gwyneth-paltrow-its-all-good-cookbookI’d heard great things about the recipes but to be frank, I only half believed the hype. Immediately after getting the cookbook (cheaper at Costco, by the way!), I crawled into bed and read the entire book cover to cover. The photography is beautiful and hilariously features Gwynny and her kids, you know.. shopping at the market, picnic’ing on the beach and riding scooters. Just like you and I…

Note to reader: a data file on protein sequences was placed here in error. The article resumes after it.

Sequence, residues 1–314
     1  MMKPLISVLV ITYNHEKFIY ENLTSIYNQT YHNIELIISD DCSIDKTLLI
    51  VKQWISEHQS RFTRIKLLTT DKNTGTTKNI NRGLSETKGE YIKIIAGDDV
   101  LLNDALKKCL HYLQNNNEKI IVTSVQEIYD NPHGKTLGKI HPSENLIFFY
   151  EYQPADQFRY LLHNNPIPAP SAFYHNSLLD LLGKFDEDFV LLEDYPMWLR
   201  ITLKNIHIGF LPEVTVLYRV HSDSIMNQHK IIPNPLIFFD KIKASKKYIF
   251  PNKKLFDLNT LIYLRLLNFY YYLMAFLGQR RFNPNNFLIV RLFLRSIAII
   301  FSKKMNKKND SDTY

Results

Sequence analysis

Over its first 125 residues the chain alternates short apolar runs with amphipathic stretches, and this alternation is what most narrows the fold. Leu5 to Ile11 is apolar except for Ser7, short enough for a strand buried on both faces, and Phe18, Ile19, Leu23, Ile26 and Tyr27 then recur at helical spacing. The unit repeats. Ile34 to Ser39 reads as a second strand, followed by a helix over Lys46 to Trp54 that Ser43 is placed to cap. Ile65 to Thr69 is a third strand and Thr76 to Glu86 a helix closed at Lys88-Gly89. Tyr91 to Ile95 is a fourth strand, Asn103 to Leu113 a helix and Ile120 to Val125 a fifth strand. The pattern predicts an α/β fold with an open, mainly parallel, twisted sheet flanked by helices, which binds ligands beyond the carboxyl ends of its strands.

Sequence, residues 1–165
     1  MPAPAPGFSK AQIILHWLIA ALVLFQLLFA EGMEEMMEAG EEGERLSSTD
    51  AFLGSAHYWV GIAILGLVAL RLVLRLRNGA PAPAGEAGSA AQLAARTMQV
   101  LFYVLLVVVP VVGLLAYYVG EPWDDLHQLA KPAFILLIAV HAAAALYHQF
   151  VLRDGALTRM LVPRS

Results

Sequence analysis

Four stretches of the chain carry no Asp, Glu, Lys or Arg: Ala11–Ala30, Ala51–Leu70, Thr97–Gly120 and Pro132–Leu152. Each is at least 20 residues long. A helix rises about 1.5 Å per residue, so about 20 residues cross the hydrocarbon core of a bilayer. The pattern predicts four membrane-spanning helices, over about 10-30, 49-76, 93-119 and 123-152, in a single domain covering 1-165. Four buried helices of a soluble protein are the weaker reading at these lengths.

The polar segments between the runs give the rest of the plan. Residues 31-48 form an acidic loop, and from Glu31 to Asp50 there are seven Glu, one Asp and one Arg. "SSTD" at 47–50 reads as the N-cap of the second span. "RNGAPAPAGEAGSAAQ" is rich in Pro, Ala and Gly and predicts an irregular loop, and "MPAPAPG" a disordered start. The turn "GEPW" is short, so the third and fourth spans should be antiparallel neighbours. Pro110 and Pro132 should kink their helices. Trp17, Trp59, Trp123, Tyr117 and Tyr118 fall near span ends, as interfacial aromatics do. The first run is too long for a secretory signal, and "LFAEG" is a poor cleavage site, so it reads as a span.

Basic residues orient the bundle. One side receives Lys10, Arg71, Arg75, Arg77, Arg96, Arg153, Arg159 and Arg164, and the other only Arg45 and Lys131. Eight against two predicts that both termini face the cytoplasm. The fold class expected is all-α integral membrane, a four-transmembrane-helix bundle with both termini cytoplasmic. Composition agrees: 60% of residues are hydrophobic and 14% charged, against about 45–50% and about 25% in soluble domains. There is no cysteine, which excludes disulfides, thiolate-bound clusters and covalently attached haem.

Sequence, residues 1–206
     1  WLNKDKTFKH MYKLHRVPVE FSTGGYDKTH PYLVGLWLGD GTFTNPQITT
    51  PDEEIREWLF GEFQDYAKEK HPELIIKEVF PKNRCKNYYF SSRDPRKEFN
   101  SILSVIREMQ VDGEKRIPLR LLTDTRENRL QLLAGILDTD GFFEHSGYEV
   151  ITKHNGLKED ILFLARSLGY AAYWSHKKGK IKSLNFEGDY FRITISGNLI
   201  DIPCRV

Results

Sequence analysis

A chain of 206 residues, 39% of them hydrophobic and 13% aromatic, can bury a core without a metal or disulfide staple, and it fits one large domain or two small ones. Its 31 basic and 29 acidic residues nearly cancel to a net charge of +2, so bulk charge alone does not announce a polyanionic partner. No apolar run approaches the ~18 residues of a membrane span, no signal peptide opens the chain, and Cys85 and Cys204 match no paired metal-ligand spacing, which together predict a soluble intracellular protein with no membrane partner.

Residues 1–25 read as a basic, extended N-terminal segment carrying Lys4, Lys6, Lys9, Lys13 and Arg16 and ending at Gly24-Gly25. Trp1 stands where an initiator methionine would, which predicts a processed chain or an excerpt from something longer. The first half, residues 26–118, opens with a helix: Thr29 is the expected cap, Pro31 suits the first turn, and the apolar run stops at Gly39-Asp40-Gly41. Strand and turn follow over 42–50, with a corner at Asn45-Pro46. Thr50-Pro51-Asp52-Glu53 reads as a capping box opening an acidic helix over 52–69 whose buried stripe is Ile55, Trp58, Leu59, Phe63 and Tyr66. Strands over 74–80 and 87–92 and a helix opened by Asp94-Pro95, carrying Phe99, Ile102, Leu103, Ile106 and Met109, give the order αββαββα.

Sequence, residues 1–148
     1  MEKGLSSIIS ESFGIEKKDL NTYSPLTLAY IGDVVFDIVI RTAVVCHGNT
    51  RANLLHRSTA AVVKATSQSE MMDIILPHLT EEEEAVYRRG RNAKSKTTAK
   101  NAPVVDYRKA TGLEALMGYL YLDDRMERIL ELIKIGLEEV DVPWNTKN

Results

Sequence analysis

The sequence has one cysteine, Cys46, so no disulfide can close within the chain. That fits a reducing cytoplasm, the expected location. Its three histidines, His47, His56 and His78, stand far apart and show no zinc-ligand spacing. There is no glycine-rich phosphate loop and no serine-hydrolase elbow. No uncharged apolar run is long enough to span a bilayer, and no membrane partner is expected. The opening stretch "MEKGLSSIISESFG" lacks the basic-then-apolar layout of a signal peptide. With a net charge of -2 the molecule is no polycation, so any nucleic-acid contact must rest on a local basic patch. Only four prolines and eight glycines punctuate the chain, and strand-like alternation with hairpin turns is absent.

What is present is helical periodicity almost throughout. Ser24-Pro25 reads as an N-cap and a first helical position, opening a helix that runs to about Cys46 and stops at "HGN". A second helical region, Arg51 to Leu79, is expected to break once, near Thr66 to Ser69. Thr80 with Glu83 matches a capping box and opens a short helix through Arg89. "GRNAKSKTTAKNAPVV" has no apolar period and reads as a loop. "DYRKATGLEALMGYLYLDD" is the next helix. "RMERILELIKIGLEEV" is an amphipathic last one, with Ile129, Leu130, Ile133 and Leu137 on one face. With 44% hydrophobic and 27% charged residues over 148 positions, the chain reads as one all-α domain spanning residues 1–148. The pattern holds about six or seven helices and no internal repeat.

Ok, back to the cookbook. The single most impressive thing about it is that each recipe is simple: they require 5 or 6 ingredients, they use your basic kitchen tools and they don’t take too much time. There are a couple of less familiar ingredients used throughout the book (namely, chillies in adobo sauce and gochugaru, coarse Korean red chilli flakes), but they are used time and again and make it worth the trip to Kensington Market/Chinatown to hunt down to have on hand in your pantry. The recipes are all dairy-free, healthy and clean, and usually gluten-free with vegan substitute recommendations. Continue reading